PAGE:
Michie Niikawa struggles to define her role as school principal. Two years since taking over at Ukedo Elementary School in the town of Namie, abandoned after the Fukushima nuclear meltdowns, the 54 year-old has yet to welcome her first class of students, greet teachers, or visit classrooms. Photo: Akiko Fujita / ABC News

By AKIKO FUJITA
10 March 2013

NAMIE, Japan (ABC News) – Michie Niikawa struggles to define her role as school principal.

Two years since taking over at Ukedo Elementary School in the town of Namie, the 54-year-old has yet to welcome her first class of students, greet teachers, or visit classrooms.

Most days, she works in a cramped corner on the second floor of a prefabricated structure that houses city hall, 50 miles from the town.

"[The school] exists in name alone," Niikawa, a 34-year veteran teacher says. "I have struggled to find ways to best serve my students."

The school's structure still stands along Namie's waterfront, inside the government mandated nuclear exclusion zone.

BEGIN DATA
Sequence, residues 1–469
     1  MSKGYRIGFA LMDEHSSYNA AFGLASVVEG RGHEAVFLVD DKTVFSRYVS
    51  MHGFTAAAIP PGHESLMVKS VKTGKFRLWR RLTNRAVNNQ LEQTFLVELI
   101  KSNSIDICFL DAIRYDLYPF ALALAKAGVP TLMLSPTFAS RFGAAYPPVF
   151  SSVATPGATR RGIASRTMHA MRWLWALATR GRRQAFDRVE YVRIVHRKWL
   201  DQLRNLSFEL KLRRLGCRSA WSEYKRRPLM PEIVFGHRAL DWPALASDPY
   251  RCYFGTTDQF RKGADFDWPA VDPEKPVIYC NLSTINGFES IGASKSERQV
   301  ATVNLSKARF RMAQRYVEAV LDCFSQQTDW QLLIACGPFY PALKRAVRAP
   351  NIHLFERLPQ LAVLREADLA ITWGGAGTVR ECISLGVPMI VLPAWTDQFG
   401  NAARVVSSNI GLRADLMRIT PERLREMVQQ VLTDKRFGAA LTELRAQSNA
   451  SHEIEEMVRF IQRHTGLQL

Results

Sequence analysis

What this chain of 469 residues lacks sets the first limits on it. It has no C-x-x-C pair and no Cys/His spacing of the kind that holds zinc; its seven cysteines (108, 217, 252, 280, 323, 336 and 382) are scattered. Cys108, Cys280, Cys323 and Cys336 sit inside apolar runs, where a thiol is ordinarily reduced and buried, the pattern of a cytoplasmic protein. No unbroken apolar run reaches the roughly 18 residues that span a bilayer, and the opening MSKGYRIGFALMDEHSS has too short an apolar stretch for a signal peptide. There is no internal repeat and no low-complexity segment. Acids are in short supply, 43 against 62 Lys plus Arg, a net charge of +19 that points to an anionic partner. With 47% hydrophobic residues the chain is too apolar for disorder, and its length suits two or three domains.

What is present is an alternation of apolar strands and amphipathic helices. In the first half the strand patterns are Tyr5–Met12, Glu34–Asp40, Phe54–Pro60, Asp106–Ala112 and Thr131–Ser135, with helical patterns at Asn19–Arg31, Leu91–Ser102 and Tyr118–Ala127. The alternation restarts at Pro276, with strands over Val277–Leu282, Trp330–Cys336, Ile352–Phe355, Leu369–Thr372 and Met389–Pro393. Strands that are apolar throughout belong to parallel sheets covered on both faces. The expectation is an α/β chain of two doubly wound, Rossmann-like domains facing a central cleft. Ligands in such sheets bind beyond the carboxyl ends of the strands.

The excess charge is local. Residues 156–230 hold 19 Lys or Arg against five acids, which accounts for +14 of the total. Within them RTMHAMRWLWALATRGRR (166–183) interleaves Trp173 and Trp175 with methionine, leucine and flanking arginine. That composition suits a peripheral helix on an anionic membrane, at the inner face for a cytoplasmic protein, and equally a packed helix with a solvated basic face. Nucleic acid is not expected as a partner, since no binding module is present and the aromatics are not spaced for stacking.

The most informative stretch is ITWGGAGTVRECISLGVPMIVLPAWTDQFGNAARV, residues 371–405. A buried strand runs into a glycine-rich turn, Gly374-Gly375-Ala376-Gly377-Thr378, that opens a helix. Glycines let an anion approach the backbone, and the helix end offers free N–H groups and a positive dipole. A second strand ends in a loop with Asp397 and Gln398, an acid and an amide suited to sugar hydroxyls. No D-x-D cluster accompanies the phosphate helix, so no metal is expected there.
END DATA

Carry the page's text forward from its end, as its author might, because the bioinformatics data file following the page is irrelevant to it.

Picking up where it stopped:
The roof provides a clear view of the Fukushima Daiichi Nuclear Plant, where nearly 3,000 people still work daily.

But in areas around the school, there are no signs of life. Smashed cars and rusted boats washed up from the tsunami dot the bleak landscape that surrounds Ukedo.

The school itself is a skeleton of the structure Niikawa remembers. Windows are smashed, classrooms cleared out. A graduation sign from March 11, the day the tsunami hit, still hangs above badly cracked floors in the school gym.

Like so many towns inside the 12-mile no-go zone, Namie was struck by a tragic trifecta: earthquake, tsunami, and radiation leak.

Ukedo Elementary's 92 students evacuated thinking they would return once the massive waves receded. But two years on, radiation fallout from the nuclear disaster has left them in perpetual limbo.

Town officials say exposure levels have dropped 40 percent in two years, but in some hot spots they are still four times the legal limit for nuclear workers in the United States.

Niikawa, who began her tenure as principal five months after the disasters struck, has been tasked with keeping the "spirit" of Ukedo alive, while the central and local governments come up with a plan to make the area livable again.

It is no simple task -- considering radiation fears have pushed many of her students out of the region, hours away. [more]

Fukushima School in Limbo, Two Years After Nuclear Disaster

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